Hep-th [Gehrke, Ginsparg, and Kleinberg2003]: The first real world data set used to test the dynamic graph embedding algorithms is the collaboration graph of authors in High Energy Physics Theory conference. The original data set contains abstracts of papers in High Energy Physics Theory conference in the period from January 1993 to April 2003. For our evaluation, we consider the last 50 snapshots of this dataset.

Autonomous Systems (AS) [Leskovec, Kleinberg, and Faloutsos2005]: The second real world dataset utilized is a communication network of who-talks-to-whom from the BGP (Border Gateway Protocol) logs. The dataset contains 733 instances spanning from November 8, 1997 to January 2, 2000. For our evaluation, we consider a subset of this dataset which contains the last 50 snapshots.


We compare our model with the following state-of-the-art static and dynamic graph embedding methods:

  • Optimal Singular Value Decomposition (OptimalSVD[Ou et al.2016b]: It uses the singular value decomposition of the adjacency matrix or its variation (i.e., the transition matrix) to represent the individual nodes in the graph. The low rank SVD decomposition with largest singular values are then used for graph structure matching, clustering, etc.

  • Incremental Singular Value Decomposition (IncSVD[Brand2006]: It utilizes a perturbation matrix which captures the changing dynamics of the graphs and performs additive modification on the SVD.

  • Rerun Singular Value Decomposition (RerunSVD or TIMERS) [Zhang et al.2017]: It utilizes the incremental SVD to get the dynamic graph embedding, however, it also uses a tolerance threshold to restart the optimal SVD calculation when the incremental graph embedding starts to deviate.

  • Dynamic Embedding using Dynamic Triad Closure Process (dynamicTriad[Zhou et al.2018]: It utilizes the triadic closure process to generate a graph embedding that preserves structural and evolution patterns of the graph.

  • Deep Embedding Method for Dynamic Graphs (dynGEM[Goyal et al.2018b]: It utilizes deep auto-encoders to incrementally generate embedding of a dynamic graph at snapshot by using only the snapshot at time .

SBM Hep-th AS
Method P@100 P@500 P@1000 P@100 P@500 P@1000 P@100 P@500 P@1000
IncrementalSVD 0.9881 0.9832 0.9152 0.9835 0.9578 0.8919 0.9524 0.9468 0.9433
rerunSVD 0.9967 0.9897 0.9248 0.9842 0.9589 0.8932 0.9602 0.9596 0.9578
optimalSVD 0.9996 0.9879 0.9176 1.0000 0.9856 0.9140 0.8290 0.7397 0.6988
dynamicTriad 0.1044 0.1096 0.1047 0.6663 0.5340 0.4805 0.8665 0.8543 0.8024
dynGEM 0.9633 0.9656 0.9673 1.0000 0.9990 0.9784 0.9321 0.9448 0.9377
dyngraph2vecAE 0.9800 0.9851 0.9869 0.9755 0.9638 0.92080 0.8007 0.8028 0.7546
dyngraph2vecRNN 0.9927 0.9905 0.9898 0.8741 0.8827 0.8836 0.8514 0.7955 0.7768
dyngraph2vecAERNN 0.9800 0.9887 0.9917 0.9971 0.9917 0.9785 0.8591 0.8620 0.8577
Table 2: Average Precision@k over different embedding sizes.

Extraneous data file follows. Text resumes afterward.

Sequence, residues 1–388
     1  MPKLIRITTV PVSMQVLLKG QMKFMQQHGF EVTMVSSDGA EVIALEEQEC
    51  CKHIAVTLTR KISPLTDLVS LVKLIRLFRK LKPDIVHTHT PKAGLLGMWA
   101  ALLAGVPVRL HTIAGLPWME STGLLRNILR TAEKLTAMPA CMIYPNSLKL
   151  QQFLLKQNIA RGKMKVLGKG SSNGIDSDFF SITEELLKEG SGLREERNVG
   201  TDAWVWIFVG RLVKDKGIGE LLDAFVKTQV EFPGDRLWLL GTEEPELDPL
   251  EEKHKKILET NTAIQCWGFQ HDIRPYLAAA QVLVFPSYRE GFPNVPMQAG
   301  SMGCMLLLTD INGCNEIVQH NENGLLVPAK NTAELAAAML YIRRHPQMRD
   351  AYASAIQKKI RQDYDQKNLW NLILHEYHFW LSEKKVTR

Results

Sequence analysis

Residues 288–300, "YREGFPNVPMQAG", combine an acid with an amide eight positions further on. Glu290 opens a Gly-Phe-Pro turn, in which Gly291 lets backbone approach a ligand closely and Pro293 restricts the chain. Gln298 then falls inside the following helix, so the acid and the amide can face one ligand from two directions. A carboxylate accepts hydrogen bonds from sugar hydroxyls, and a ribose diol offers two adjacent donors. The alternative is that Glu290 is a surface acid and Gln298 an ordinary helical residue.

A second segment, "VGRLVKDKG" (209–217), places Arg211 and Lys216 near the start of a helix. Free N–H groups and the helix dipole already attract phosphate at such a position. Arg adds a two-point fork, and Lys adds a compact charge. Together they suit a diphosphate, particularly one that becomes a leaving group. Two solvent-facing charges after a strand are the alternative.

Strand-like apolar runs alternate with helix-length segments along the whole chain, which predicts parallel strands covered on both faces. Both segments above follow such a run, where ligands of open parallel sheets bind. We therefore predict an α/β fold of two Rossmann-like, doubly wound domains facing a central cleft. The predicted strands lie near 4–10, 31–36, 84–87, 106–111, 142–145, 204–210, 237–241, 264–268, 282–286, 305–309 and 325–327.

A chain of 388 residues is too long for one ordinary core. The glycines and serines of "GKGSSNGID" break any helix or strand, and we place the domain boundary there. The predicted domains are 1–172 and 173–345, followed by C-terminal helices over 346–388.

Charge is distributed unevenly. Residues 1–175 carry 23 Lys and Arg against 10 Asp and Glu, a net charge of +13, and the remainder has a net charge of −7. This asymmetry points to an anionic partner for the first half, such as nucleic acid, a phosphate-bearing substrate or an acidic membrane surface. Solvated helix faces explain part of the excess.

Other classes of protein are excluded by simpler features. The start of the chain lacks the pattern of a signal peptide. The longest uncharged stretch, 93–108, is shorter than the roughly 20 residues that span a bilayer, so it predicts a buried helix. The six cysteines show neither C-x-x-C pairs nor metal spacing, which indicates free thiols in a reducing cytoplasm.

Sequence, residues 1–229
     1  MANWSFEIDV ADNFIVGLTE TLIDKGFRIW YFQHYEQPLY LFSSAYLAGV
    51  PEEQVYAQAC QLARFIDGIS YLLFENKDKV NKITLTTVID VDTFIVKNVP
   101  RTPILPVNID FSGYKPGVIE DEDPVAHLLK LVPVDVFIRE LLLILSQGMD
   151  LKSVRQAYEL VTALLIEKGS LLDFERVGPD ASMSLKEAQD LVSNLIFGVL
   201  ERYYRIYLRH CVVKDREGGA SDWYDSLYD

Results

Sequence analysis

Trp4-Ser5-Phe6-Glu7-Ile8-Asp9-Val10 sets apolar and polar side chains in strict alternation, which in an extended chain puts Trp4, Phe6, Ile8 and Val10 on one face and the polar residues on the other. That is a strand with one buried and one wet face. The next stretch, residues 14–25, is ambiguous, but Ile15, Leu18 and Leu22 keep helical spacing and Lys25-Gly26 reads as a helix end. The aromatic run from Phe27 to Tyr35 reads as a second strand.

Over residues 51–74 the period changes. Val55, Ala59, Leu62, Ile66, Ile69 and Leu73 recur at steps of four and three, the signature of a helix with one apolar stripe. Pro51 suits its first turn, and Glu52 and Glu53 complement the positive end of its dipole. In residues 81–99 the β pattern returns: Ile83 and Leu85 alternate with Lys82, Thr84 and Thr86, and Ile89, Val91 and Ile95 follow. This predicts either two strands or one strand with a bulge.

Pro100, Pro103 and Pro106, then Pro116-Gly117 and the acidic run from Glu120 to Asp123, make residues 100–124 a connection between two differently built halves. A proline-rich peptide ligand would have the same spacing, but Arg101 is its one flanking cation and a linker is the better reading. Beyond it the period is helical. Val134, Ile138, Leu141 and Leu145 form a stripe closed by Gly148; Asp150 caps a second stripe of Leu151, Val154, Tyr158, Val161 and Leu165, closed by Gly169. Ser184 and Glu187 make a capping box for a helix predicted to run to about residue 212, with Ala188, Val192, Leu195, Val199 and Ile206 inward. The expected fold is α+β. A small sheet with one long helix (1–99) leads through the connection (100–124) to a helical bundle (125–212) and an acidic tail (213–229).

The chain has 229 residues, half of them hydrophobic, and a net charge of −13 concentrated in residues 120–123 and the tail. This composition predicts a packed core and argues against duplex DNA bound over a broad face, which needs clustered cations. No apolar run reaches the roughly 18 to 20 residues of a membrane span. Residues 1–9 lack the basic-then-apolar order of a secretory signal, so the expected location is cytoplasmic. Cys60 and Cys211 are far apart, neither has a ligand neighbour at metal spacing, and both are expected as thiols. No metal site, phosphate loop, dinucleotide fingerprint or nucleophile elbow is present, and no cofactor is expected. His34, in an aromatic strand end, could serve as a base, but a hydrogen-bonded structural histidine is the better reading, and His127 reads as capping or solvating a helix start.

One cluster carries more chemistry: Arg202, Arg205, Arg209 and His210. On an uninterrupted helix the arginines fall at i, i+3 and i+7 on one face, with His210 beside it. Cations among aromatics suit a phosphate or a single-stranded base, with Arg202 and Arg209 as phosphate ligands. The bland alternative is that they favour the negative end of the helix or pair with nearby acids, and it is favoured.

Evaluation Metrics

In our experiments, we evaluate our model on link prediction at time step by using all graphs until the time step . We use and Mean Average Precision (MAP) as our metrics. is the fraction of correct predictions in the top predictions. It is defined as , where and are the predicted and ground truth edges respectively. MAP averages the precision over all nodes. It can be written as where and .

Results And Analysis

In this section we present performance result of various models for link prediction on different datasets.

Figure 11: MAP values for the SBM dataset.

SBM Dataset

The MAP values for various algorithms with SBM dataset with diminishing community is shown in Figure 11. The MAP values shown are for link prediction with embedding sizes 64, 128 and 256. This figure shows that our methods dyngraph2vecAE, dyngraph2vecRNN and dyngraph2vecAERNN all have higher MAP values compared to the rest of the base-lines except for dynGEM. The dynGEM algorithm is able to have higher MAP values than all the algorithms. This is due to the fact that dynGEM also generates the embedding of graph at snapshot using the graph at snapshot . Since in our SBM dataset the node-migration criteria are introduced only one time step earlier, the dynGEM node embedding technique is able to capture these dynamics. Notice that the MAP values of SVD based methods increase as the embedding size increases. However, this is not the case for dynTriad.

Figure 12: MAP values for the Hep-th dataset.

Hep-th Dataset

The link prediction results for the Hep-th dataset is shown in Figure 12. The proposed dyngraph2vec algorithms outperform all the other state-of-the-art static and dynamic algorithms. Among the proposed algorithms, dyngraph2vecAERNN has the highest MAP values, followed by dyngraph2vecRNN and dyngraph2vecAE, respectively. The dynamicTriad is able to perform better than the SVD based algorithms. Notice that dynGEM is not able to have higher MAP values than the dyngraph2vec algorithms in the Hep-th dataset.